It's easy to categorise the UK development industry as an industry in crisis - and faced with regular reports of layoffs, studios closing, titles being cancelled and financial results disappointing, it's not hard to see why so many people choose to regard the industry in that way. It's a perception which may well be just as damaging to the UK industry as the actual difficulties they face in the current market themselves - but a few events over the past months have given cause to question whether it's actually a fair view to take.
This week, for example, saw the launch of Fable in North America - a title developed by a small studio in Surrey, Big Blue Box, albeit with a helping hand from larger (but still independent) studio Lionhead. The game has rapidly become one of the best selling Xbox titles of all time, smashing through 350,000 units sold in a matter of days. Not bad for a studio in a country whose development industry is apparently in crisis.
Only a few weeks ago, Burnout 3 was topping charts around the globe; and while Criterion may now belong to EA, it's worth noting that the vast bulk of the work on that title, and on the franchise which spawned it, took place while the firm was effectively an independent developer. They may not quite be producing chart-toppers to match Burnout and Fable, but many other UK studios are bringing in a wealth of solid, on-time and on-budget titles. From the far northern reaches which house Scottish development studios like Visual Science down to the (occasionally) sunny south coast, home to the likes of Climax and Kuju's southern studios, there are product success stories everywhere.
That's all very well, of course, but if the financial results aren't there to go with the quality of games being produced, it's not a lot of use to anyone - especially not to nervous publishers who don't want to hand over their projects to developers who might not be there in a few months time. Here, there's no doubt that there's a problem; some UK studios simply aren't coping, financially. Many have gone under already. Some more will probably disappear before Christmas, including at least one well-known studio whose demise is already being rumoured in development circles.
However, taking a closer look at the UK industry shows that it's not fair to tar the entire community of development businesses with this brush. We're exceptionally loath to describe the studios which have gone bust, some of which were hugely talented, as dead wood, but the fact is that the rocky road the industry has travelled in recent years has left behind a core of studios which are exceptionally talented, very well managed, and provide a shining example of how to run a development studio anywhere in the world.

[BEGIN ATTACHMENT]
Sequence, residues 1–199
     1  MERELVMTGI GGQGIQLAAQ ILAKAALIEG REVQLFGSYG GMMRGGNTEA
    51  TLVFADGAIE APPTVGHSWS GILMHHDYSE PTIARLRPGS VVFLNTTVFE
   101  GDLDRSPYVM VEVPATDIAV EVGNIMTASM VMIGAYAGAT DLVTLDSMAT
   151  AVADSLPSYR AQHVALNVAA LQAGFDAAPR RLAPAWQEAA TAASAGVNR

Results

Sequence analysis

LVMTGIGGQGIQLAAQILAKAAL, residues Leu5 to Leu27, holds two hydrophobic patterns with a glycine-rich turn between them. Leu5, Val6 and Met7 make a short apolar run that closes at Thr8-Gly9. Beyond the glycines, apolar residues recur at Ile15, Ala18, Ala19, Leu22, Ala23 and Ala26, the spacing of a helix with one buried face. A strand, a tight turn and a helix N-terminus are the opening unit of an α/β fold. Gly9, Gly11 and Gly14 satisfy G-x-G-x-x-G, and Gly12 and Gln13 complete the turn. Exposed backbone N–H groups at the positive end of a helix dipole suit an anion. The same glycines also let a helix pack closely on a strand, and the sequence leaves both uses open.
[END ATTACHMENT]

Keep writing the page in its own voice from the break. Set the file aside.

Kuju is a perfect example of this type of studio; a company which has a reputation for delivering games on-time and on-budget, and which recently turned itself around and reported a fairly healthy profit figure. Argonaut, although beset by difficult financial results this year due to the late signing of a project, is a busy and industrious studio which has proven its worth to publishers time and again. And to pick a third studio - at risk of ignoring many of the exceptionally talented UK studios out there - Visual Science in Dundee is another company which has built an enviable reputation among publishers and which certainly shows no signs of being a firm in the midst of an industry "crisis".
Even those companies facing difficulty are braving it in clever and innovative ways. Take Warthog, for example; a firm which has felt the pain of losing much of its work for hire business over the past year or so, not least because of the weakness of the dollar which makes European firms much more expensive to hire for US publishers. Its response has been to develop a range of innovative and interesting intellectual properties - a gamble, certainly, but one which we sincerely believe that the company can pull off.
It's certainly likely that we're going to see at least one more UK developer go bust before Christmas. There may be more rounds of layoffs elsewhere, or companies struggling due to cancelled projects. However, before the hand-wringing starts over the state of the industry, it's worth looking at the many examples of success which still exist in the UK - all a testament to hard work, creative and business talent, and in some cases, downright bloody-mindedness. It's certainly no picnic in the UK development industry at the moment, but talk of a crisis seems misguided right now. The fittest are surviving, just as they always have.
Rob Fahey is GamesIndustry.biz' editor, and can be reached at [email@example.com].
This editorial originally appeared in the GamesIndustry.biz News Digest, a free email news bulletin which is distributed to subscribers every day of the week and features a round-up of the key headlines of the day, the latest major share movements from industry companies, and the day's new job postings. Each Thursday afternoon, this digest is presented in a special omnibus form with the week's game charts and an editorial focus piece.
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